Ben Barzideh and the team at Piershale Financial Group believe that missing out on some of the best days in the market offsets missing some of the worse days, and that is why they will not hesitate to pull their clients out of the market in times of volatility.

“We run a tactical investment strategy, meaning that we go in and out of the market at certain times,” said Barzideh, a wealth manager at the Barrington, Ill-based firm, explaining that when the market is good, they look for opportunities, but when there is a bad “storm,” they will get out to protect their portfolios.

Such an approach, known as the advance-and-protect strategy, is a risk reduction system that is popular with institutional investors, he said. The objective, as noted by Barzideh, is to capture growth when the market is rising and protect principal when the market is falling. Barzideh said Piershale Financial Group employs this active management strategy because it suits the firm’s client base, which is nearly all retirees or pre-retirees.

The traditional investment concept of diversifying and riding things out in good times or bad times is not prudent for retirees, Barzideh said. “When you are in retirement, you play by a different set of rules than when you are 30 and you are putting away money for retirement,” he said. “You have a finite window of time. So big market crashes can have a more devastating impact on a retiree.

“So, we find that by being trend followers, being in the stock market when our data shows things are doing well and there are certain times, every couple of years or three years, with our process, where it warrants getting completely out and this is one of those times,” he said.

The firm has rotated to 100% cash for the time being. He said they exited the market in late January, but then there was a couple of weeks where it looked like things were starting to recover and “we got the buy signal to dip our toes in for a little bit, so we put a small portion back in for a couple of weeks and then right before the Russian invasion happened that caused it to go down and we pulled it right back out and have been out since,” he said. The firm also pulled out of bonds, which he said he expects will recover in the next few months as Fed rate hikes set in.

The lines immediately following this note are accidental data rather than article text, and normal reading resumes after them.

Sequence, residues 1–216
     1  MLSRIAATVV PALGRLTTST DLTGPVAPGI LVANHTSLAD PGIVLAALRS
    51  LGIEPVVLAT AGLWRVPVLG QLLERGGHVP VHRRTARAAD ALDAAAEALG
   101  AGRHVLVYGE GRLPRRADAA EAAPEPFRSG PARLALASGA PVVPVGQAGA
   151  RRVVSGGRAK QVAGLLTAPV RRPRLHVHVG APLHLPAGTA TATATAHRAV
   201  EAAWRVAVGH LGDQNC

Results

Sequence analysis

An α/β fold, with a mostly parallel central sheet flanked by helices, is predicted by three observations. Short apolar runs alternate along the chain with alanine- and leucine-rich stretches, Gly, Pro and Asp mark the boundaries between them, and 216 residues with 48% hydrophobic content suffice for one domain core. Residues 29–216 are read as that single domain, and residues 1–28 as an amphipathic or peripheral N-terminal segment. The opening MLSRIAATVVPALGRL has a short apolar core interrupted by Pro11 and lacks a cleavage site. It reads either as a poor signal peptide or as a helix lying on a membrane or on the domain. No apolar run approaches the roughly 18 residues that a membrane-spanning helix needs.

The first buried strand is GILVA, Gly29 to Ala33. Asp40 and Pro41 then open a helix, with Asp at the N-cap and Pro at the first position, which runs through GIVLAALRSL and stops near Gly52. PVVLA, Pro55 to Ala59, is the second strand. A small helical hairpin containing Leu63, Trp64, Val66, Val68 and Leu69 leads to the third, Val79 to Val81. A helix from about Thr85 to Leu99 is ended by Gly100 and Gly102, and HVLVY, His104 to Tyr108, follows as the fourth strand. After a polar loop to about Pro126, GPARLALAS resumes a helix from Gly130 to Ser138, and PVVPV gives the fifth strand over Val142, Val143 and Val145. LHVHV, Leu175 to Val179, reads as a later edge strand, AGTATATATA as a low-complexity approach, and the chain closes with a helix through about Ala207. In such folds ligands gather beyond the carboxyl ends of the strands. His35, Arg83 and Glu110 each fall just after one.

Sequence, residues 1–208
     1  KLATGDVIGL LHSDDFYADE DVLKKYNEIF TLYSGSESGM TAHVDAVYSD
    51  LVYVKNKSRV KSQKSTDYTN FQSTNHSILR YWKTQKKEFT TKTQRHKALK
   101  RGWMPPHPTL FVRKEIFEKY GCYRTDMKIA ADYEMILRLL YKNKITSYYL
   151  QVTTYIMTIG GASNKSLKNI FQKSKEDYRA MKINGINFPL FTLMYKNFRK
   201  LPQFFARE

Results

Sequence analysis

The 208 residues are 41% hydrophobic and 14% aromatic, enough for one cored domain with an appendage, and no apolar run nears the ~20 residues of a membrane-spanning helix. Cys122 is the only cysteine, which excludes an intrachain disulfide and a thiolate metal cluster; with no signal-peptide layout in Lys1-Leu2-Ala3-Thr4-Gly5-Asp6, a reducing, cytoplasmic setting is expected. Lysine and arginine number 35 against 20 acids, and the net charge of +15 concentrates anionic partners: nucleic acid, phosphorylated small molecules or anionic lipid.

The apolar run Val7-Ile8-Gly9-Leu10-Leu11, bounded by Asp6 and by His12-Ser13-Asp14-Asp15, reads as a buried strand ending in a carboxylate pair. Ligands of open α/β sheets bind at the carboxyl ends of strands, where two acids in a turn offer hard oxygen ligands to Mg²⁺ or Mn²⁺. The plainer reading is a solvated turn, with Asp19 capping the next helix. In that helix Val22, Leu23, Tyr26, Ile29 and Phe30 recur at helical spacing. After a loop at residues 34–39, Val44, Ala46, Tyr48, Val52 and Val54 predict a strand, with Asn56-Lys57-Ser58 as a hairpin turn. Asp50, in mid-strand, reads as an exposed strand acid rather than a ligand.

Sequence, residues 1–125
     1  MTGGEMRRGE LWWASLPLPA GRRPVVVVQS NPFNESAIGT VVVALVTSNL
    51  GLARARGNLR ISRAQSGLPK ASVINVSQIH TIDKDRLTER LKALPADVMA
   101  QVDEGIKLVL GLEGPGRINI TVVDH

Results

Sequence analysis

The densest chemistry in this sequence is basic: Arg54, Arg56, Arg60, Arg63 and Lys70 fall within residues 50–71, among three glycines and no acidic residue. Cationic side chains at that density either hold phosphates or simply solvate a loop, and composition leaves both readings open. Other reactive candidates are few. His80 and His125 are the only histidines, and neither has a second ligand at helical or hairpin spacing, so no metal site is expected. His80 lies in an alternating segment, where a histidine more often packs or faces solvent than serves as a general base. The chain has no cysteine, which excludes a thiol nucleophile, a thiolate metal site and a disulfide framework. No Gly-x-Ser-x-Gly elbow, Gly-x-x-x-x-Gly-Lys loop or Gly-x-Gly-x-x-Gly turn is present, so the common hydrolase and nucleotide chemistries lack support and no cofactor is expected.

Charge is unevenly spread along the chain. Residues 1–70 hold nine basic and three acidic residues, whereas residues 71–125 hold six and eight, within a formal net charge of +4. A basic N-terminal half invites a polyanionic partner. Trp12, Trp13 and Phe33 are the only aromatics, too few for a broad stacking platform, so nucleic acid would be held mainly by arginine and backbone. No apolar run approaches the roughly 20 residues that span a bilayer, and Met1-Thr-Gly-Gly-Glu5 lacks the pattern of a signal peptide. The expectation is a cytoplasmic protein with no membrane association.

Barzideh said when the firm's data shows that the market is doing well, which is most of the time, they may go much heavier than the typical 60/40 or 70/30 model and increase stocks to 100% during certain times of the year when they see an opportunity to help compensate for times when they are maybe too conservative.

He said when the firm is out of the market, it doesn't “freak out” if the market starts rising. “It’s kind of like the last 10 days or so when the market has been in a pretty nice rally from the bottom, we haven’t participated in that,” he said. “It’s too early to tell if this is a true rally and if the market is going to make new highs or if it’s going to kind of fizzle out and make newer lows.”

A lot will depend on the outcome of the Russian invasion of Ukraine and other variables, such as the economy and inflation, he said. And clients are understanding of the market timing approach because of those variables, he said. “We hardly had anybody call us for the last few days and say, ‘hey, how come we are not in it yet?’ If anything, over the last couple of weeks, we’ve had more clients call just to kind of make sure that we are not close to getting back in any time soon,” he said.

Barzideh noted that while the advance-and-protect strategy is not popular with retail financial advisors, it has its place and has proven to work for the retirees and those approaching retirement. “It really is a good solution for a retiree because they want to benefit from the market, they want to be in it when it’s doing well. But when there is an above-average amount of risk, they want to sleep better knowing that they are not completely exposed to what can happen in the market.”